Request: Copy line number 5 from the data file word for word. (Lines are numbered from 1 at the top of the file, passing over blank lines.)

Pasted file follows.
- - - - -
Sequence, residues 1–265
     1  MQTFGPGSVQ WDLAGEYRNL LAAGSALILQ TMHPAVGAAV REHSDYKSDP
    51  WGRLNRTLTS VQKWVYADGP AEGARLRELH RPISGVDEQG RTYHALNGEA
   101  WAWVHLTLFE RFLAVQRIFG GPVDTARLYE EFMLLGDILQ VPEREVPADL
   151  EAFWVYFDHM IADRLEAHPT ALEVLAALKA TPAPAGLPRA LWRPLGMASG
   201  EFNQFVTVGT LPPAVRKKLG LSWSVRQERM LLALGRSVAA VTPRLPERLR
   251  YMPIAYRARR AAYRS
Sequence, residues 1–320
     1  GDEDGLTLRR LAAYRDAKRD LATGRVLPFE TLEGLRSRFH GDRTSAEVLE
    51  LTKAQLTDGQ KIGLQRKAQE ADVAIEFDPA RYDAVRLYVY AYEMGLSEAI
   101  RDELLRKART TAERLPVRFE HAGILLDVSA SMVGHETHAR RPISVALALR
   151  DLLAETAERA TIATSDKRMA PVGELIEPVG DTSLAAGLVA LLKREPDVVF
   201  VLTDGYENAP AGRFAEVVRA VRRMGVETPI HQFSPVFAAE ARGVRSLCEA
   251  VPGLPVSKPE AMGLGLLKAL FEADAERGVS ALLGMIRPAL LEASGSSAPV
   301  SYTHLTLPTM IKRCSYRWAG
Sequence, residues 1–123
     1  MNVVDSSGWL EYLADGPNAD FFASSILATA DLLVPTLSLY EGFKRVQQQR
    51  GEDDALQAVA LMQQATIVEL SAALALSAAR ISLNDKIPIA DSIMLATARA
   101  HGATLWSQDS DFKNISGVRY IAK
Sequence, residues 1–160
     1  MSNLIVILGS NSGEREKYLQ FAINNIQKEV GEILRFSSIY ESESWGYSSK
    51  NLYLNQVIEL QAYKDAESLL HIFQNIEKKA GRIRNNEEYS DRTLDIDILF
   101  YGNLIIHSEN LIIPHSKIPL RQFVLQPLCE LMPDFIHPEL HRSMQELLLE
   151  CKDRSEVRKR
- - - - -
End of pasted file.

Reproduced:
   151  EAFWVYFDHM IADRLEAHPT ALEVLAALKA TPAPAGLPRA LWRPLGMASG